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Even though billions of doses of vaccines for children across 100 countries around the world were supplied in 2016, millions of children – especially those in conflict zones – still miss out on life-saving inoculations, the United Nations Children’s Fund (UNICEF) has warned.
The United Nations health agency’s regional office for Africa has announced that Ghana, Kenya, and Malawi will take part in a breakthrough pilot programme to make the world’s first malaria vaccine available in selected areas, beginning in 2018.
Undernutrition and obesity are the two sides of malnutrition, and together they contributed to the loss of billions of dollars for economies in Latin America, a United Nations-backed study has found, warning that unless more is done to mitigate this health burden, the region faces a “frightening” future.
Almost 30,000 young Somali children, many of them displaced by a searing drought, are being vaccinated against measles this week in a United Nations-backed emergency campaign in one of the country’s hardest-hit towns.
On the eve of World Malaria Day, the United Nations health agency called today for accelerating scaled-up efforts to prevent malaria, which remains a major public health threat, killing one child every two minutes worldwide in 2015.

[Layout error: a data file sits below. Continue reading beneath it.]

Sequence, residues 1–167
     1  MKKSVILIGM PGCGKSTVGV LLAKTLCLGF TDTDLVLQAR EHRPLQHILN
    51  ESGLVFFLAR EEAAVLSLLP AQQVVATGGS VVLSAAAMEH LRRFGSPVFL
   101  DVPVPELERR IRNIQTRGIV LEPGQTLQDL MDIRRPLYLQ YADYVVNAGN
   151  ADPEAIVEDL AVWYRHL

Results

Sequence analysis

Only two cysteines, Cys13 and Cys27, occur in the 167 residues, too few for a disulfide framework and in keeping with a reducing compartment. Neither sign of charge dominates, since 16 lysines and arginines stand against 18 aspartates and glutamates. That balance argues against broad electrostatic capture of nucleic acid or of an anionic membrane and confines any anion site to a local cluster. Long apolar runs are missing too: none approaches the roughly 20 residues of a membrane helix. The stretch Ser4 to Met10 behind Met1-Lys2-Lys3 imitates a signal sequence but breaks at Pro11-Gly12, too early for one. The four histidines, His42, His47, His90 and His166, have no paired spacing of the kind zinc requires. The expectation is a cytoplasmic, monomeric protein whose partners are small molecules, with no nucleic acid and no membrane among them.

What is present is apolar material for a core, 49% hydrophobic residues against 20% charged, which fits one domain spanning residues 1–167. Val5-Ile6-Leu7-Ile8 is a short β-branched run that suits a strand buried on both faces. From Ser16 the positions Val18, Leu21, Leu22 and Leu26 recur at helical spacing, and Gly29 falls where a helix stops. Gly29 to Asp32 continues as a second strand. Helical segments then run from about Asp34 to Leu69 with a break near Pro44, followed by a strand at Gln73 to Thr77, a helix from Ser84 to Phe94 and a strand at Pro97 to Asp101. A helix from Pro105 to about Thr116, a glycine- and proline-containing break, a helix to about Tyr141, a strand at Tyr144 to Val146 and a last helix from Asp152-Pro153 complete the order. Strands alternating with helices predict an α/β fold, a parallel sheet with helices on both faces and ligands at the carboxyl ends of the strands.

If nothing is done soon, 20 million people will starve to death over the next six months in South Sudan, Somalia, north-eastern Nigera and Yemen, the United Nations agricultural chief today warned the UN agency's Council.
Vaccinations stave off 26 potentially deadly diseases, the United Nations health agency is emphasizing on the first day of World Immunization Week, which also marks the halfway point of the Organization's goal to stop millions of deaths from vaccine-preventable diseases.
New data published by the United Nations health agency has revealed that a vast majority of the estimated 325 million people living with chronic hepatitis B virus or hepatitis C virus infection lack access to life-saving testing and treatment, placing them at a great risk of chronic liver disease, cancer, and even death.
Without peace in South Sudan, millions of people will go hungry and millions of women and girls could be raped as they try to go about their daily lives, including as they search for food, a senior United Nations official today warned.
The United Nations today cited “record-breaking” progress in controlling neglected tropical diseases – which blind, maim, disfigure and debilitate millions of people worldwide, especially in its poorest areas – as an estimated one billion people were reached with treatment for at least one of these diseases in 2015 alone, according to the Organization’s health agency.